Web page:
I’ve also noticed that in a lot of my favorites photos of yours, you get physically close to the couple to make the shot. This reminds me about a wedding I shot with you in March — it was the last wedding either of us shot before the Covid shutdown. The couple was requesting that no one (including us) make physical contact, and you mentioned aloud a couple of times how hard that was in terms of directing them. Can you talk about your thought process during that couple’s portraits? Or the use of physical touch for direction in general?

I have always known that I am physically affectionate with my loved ones but I didn’t know how much I liked to shake hands and hug a stranger. That really was the first day where I went to shake the groom’s hand and when I couldn’t it like, blew me back. Having to change everything about how I work naturally, it made me so much more in my head, which I don’t enjoy doing. Words come out of my mouth when I’m thinking them, I don’t do a lot of pre-thoughtfulness. I act whenever I act. it’s not super filtered. So having to completely change what I was doing in a natural way made me second guess myself the whole time… Also this is on-topic but it’s off-topic: I have found through my over-a-decade of shooting that groomsmen photos can be really difficult in that they don’t generally listen to a woman directing them, and so it is 95% easier for me to go and turn their shoulders how I need them to be. That is what works. Because literally words don’t work with so many groups of men. That’s a struggle to me to not be able to actually move somebody if they’re not listening to me. Of course I always ask somebody if I can touch them before I do, but it’s a really hard change. Because while I can write really easily and quickly what I’m thinking, it doesn’t come out as easily with my words. I get really frazzled easily and my words jumble. I don’t think I’m very clear-cut with what I want to say when I’m directing couples so being able to laugh at that and move them with my hands and laugh is my safety net, laugh. That is insanely hard.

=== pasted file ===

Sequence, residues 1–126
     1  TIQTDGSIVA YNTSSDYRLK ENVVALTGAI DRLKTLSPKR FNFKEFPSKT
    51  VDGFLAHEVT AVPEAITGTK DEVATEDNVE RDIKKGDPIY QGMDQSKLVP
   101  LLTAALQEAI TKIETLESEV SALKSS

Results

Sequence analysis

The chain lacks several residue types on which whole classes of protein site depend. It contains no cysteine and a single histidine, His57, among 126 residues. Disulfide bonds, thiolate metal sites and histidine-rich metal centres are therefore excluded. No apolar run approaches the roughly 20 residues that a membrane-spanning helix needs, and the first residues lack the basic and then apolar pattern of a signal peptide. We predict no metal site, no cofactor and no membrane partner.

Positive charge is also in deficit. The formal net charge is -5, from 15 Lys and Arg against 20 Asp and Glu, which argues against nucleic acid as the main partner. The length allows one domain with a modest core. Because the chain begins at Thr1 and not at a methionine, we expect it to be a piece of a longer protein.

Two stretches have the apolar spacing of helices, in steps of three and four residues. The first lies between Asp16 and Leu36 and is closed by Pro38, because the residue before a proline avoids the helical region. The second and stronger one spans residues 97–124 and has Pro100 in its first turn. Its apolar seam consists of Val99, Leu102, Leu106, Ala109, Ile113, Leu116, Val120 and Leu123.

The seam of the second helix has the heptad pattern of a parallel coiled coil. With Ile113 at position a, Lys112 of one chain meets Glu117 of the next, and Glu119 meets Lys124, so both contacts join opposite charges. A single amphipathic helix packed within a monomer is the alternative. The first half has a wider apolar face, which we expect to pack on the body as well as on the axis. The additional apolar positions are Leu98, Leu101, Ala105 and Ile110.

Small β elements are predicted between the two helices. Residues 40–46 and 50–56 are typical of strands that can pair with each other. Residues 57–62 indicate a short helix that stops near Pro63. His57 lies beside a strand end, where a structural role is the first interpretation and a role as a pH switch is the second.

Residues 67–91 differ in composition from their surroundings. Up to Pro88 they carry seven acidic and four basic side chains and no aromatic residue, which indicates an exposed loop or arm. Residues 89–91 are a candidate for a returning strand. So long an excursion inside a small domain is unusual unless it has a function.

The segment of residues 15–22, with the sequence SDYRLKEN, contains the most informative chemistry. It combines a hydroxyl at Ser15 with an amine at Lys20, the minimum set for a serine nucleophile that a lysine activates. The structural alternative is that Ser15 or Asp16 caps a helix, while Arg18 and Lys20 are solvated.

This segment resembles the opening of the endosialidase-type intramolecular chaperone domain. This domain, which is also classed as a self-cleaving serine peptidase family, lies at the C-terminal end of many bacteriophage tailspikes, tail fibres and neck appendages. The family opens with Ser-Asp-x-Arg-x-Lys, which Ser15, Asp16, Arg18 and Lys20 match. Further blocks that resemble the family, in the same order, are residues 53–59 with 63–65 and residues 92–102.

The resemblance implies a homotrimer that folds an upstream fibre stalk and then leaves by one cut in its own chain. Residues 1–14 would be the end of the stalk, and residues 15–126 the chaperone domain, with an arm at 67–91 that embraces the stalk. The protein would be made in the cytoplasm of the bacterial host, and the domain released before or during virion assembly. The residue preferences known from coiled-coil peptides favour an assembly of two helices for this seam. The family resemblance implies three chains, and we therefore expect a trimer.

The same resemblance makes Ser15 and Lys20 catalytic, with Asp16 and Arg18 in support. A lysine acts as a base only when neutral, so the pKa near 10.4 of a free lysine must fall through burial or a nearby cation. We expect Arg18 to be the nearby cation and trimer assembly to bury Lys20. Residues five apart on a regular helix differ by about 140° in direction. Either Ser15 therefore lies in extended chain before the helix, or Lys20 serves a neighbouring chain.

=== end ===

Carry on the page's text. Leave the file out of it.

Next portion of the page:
Speaking of Covid, will you talk a little about what it’s been like waiting, especially during shelter-in-place?

I’m such a rule follower. I’m not trying to find out new ways to do something if I’m told to do nothing. I’m happy to listen to rules. And also during the time when everyone was doing front porch portraits, it was hard because I didn’t get into wedding photography to do front porch portraits. I don’t wake up every day thinking, “in what way can I wake up and express myself through photography in a new way?”